This whole notion that one victory can turn a season around, come on with that. Seriously, when can one win, regardless of how dramatic, trigger a club to higher ground?
That’s the stuff of fiction, isn’t it?
Oh, wait. What? The Mets on July 31 last year? A home run off the bat of Wilmer Flores?
Well, for crying out loud.
One year to the day later, though perhaps not quite the stuff of such melodrama, the Mets were elevated again by a late-inning blow, this a three-run job off the bat of Neil Walker that turned a 4-3 deficit into a 6-4 lead and victory over the Rockies that was punctuated by Jeurys Familia’s perfect ninth inning.
And just like that, the four-game losing streak was gone, if not entirely forgotten, on the eve of Monday’s Subway Series opener in Queens.
“It was important for the team to win a game,” said the closer who had blown save opportunities in each of his previous two appearances on Wednesday and Thursday. “It was very important for me to try and figure out my game, very important for me to do my job and to get confidence [back].
“Everybody knows we have been struggling the last couple of days. But every team goes through that,” said Familia, who noted that throwing strikes is the key to his game. “The win was very important for us to get going.”
In the land of the blind, the one-eyed man is king, so despite all their recent troubles, the Mets enter this Subway Series on the throne of baseball New York. Both teams can ask, “Where is the rest of us?” but while the answer for the Yankees is Chicago and Cleveland (and other to-be-named out-of-town precincts), the answer for the Mets is the disabled list or the bench.
For while Yoenis Cespedes was out on Sunday and is iffy for Monday with that pesky recurring quad strain that might have been better addressed with a trip to the disabled list upon the original incident on July 8, and while Jose Reyes and Juan Lagares (and, of course, David Wright, Lucas Duda and Matt Harvey) are on the DL, it was Asdrubal Carrera who went down in this one with a left-knee tendon issue that he suffered while rounding third and heading for home on Walker’s first-inning triple.
“You’re always going to have some adversity,” said Walker, 12-for-19 with five RBIs over the last four games following a fallow previous three weeks that created the need to give the second baseman a break for a couple of days. “You know nobody is going to feel bad for you or take it easy on you.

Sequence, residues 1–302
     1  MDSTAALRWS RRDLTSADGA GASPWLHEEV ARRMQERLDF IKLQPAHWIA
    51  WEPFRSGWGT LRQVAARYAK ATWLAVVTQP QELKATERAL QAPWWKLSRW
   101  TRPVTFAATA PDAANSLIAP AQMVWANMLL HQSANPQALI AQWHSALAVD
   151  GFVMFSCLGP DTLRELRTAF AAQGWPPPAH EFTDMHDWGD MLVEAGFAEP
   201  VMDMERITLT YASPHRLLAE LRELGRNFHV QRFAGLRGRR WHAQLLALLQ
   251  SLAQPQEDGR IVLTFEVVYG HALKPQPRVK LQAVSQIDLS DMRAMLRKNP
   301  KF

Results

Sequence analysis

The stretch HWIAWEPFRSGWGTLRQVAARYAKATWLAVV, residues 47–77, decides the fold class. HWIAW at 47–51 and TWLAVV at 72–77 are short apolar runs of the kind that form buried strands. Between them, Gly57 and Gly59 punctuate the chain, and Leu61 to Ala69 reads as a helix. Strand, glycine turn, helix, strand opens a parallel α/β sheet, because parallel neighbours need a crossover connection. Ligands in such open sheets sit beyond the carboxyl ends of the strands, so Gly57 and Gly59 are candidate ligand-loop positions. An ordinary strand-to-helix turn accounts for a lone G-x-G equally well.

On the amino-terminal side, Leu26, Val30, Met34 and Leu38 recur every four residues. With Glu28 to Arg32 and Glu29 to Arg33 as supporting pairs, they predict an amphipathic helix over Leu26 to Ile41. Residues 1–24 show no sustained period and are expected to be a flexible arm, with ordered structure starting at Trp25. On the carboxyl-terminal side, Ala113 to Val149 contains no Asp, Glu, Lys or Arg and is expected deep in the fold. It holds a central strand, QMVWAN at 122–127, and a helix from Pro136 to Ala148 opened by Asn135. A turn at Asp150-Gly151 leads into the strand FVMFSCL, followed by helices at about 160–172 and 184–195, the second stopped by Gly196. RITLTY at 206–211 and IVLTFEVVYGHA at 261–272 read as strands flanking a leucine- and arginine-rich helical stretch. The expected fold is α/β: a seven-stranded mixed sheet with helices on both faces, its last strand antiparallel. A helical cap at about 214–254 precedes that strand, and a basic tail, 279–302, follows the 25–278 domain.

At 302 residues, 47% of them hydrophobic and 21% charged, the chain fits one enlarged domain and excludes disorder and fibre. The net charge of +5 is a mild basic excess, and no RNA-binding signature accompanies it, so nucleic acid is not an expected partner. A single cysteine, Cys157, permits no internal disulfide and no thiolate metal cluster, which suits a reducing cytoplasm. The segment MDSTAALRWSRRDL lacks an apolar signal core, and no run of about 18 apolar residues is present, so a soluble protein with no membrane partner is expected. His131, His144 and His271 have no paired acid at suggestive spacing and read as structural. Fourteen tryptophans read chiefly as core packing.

“You just keep grinding.”
Noah Syndergaard, who hasn’t been the same for the last three weeks, grinded through six innings in which he allowed three runs (two earned) and threw 118 pitches. It is the latter number that is alarming, for that’s 571 pitches over 32 ¹/₃ innings in Syndergaard’s last six starts — an average of 17.7 per inning that would equate to the second most in the NL among qualified starters if extrapolated over the full season. The implications are obviously not good though the toughness is an obvious attribute.
And James Loney grinded through a two-out, 10-pitch walk to extend the seventh inning and allow Walker to come up against Boone Logan, the former Yankee.
“That’s why [Walker] hit the home run,” Loney, generally soft spoken and reserved, joked loudly. But he wasn’t joking when asked about the mindset that allows pro athletes to persevere.
“I think it comes pretty naturally, to tell you the truth,” said Loney, an 11-year veteran. “If you’re in the big leagues, you feel like you belong and you’re going to do something positive.
“When you lose some games in a row, you’re pretty sure it’s going to turn pretty soon. I’ve been through a lot worse than this. I’ve played on teams that have lost 11 or 12 straight.
“Still, this does give you a lot of energy.”
A year ago, a fairy tale followed July 31.
Now, well, let’s not hope for too much. Nevertheless, the hunt for a Blue and Orange October might have begun again right here.
Our editors found this article on this site using Google and regenerated it for our readers.
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